Only you have the power to change your life and make good choices. 
I know, it sounds so motivational and empowering. But this is the message that causes deep depression and discouragement because people begin to wonder why they actually don’t have the power to change themselves. There must be something wrong with me, they will think, since apparently everyone else has this self-power to change. But we don’t. None of us do. Only Christ in us empowers us to do anything eternally good.  (John 15:5, Hebrews 11:6).

Follow your heart wherever it takes you.
Sounds great. Except for this and this.

The problem with these “life message” memes is that there is no larger context for them. When a meme says to follow your heart, there is no context for describing the necessity of a heart that has been transformed by Christ. When a meme says you have the power to change your life, there is no context for the dependence of Christ in us that is necessary for any real change.  Thus, these kinds of memes are ambiguous and largely unhelpful.

I might add that many preachers are essentially standing in the pulpit on Sunday morning and speaking one big, giant meme. Sounds motivational, but isn’t based on the Word of God.

At the end of the day, this is about our ongoing development of a Christ-centered worldview. That everything – absolutely everything – is filtered through the message of the gospel.

Including our memes.

My Favorite Magic – Post #1

The first “real” magic trick I can remember being performed for me personally was in a small Gatlinburg, TN magic shop. The close-up trick was called the “Fantastic” and it was a color changing stick that amazed me. I purchased the trick (my parents did actually) and I still love performing it to this day.  That started in me a deep love for magic and the history of magic. I have read a significant amount on the history of some of the most well known and beloved magicians (and some who the world has never heard of!). I am fascinated by magic in part due to the nature of communication between the magician and the audience.  A great magician is a great communicator, leading the audience to hear and see precisely what the magician wants to be heard and seen. For example, the American magician Harry Kellar was such a master of communicating on stage that he once remarked how “a brass band playing at full blast can march openly across the stage behind me, followed by a herd of elephants, yet no one will realize that they went by.” More than expert technique, that is the part of magic that I find irresistible.

What I want to do in this series of posts on my blog is not write about the history of magic or share my own personal journey through the amazing hobby (such as, I owned an online magic store for two years). Rather, I simply want to post a few videos of some of my most favorite performances, ranging from very old to very new, in no particular order. I will briefly describe what I find to be mesmerizing about the illusion and then let the trick speak for itself. I hope you find this to be a lot of fun, and perhaps even open your eyes to the wonderful world of magic. I have plenty of reading suggestions and even magic trick suggestions for those who might like to try their hand at fooling their friends or family.

The first trick I want to showcase is by a magician that most have never heard or seen. His name is Hans Moretti and he was a German magician who became a legend among other magicians for a few of his stage illusions. The trick that captivated me was his “Cardboard Box” illusion. Most of us are familiar with tricks that involve swords being thrust into some kind of cabinet with the magician escape unharmed. But Moretti did it like no one else. Not only was he getting inside a cardboard box as opposed to an elaborate looking cabinet of some sort, but it was members of the audience who were invited to come and thrust swords into the box! Moretti’s specific secret for how he performed this illusion remains a mystery, and the trick continues to amaze me with a very surprising ending. Take a look and enjoy!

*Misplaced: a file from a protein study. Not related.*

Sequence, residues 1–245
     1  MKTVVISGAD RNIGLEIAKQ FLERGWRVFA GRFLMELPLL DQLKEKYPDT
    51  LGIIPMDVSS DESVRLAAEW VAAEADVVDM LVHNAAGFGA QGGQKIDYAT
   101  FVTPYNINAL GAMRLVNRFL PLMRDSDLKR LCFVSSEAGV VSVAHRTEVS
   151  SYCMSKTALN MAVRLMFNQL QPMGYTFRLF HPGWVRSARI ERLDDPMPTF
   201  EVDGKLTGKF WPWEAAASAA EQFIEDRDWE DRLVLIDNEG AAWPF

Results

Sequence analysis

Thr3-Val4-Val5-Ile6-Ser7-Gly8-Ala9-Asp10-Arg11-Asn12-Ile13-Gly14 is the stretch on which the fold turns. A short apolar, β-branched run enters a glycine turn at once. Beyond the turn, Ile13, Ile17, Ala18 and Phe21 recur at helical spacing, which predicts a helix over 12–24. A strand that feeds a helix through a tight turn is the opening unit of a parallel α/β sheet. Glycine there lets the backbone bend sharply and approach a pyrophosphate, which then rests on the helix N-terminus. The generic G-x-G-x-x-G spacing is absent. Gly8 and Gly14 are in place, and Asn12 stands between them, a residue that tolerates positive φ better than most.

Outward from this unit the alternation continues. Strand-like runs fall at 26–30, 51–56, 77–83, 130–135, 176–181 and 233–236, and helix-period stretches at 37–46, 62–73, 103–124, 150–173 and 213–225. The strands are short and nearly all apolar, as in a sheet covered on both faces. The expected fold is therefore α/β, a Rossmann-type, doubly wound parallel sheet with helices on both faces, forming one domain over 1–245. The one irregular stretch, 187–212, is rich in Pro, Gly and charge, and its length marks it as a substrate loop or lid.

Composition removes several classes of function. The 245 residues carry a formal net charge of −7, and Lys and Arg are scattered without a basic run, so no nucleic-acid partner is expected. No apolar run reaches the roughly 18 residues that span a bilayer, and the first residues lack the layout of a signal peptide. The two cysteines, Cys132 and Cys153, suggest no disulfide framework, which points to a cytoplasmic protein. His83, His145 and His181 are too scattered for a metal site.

Me and My Friend Jay

I like this picture.

This is my friend and colleague Jay Padgett and this is us doing what we do quite often – visiting a church member together.  On this particular occasion, we were in the Frankfort Regional Medical Center to have prayer with a dear friend. Unbeknownst to us, as we left the hospital, the husband of the patient we had just visited snapped this photo from their hospital room. It shows Jay and I walking side-by-side, wearing our overcoats (this was last winter), making our way to our vehicle to move on to the next visit.

I’m thankful for my friend.  And this photo of us silently walking to our car on a crisp, cool winter day sums it up nicely. If I have any say in the matter, Jay and I will serve the Lord and the church together until God puts us on the sideline.

And while I’m talking about my friend Jay, I want to express thanksgiving for my friend Philip Coleman. Pastor Phil Coleman is sharp as a tack and doing an incredible job reaching families and parents with gospel-saturated guidance and instruction. He and I are often found discussing weighty heart issues about families in our congregation either in our office or on the phone late at night and I am deeply grateful to the Lord for his leadership and friendship.

I’m certain that many pastors across the country have a staff they are in tension with and struggle to connect with. But the staff at GBC truly are together for the gospel in more ways than one. They are blessings, and if you are a member of GBC, I hope you recognize and give thanks for Pastor Jay Padgett and Pastor Phil Coleman.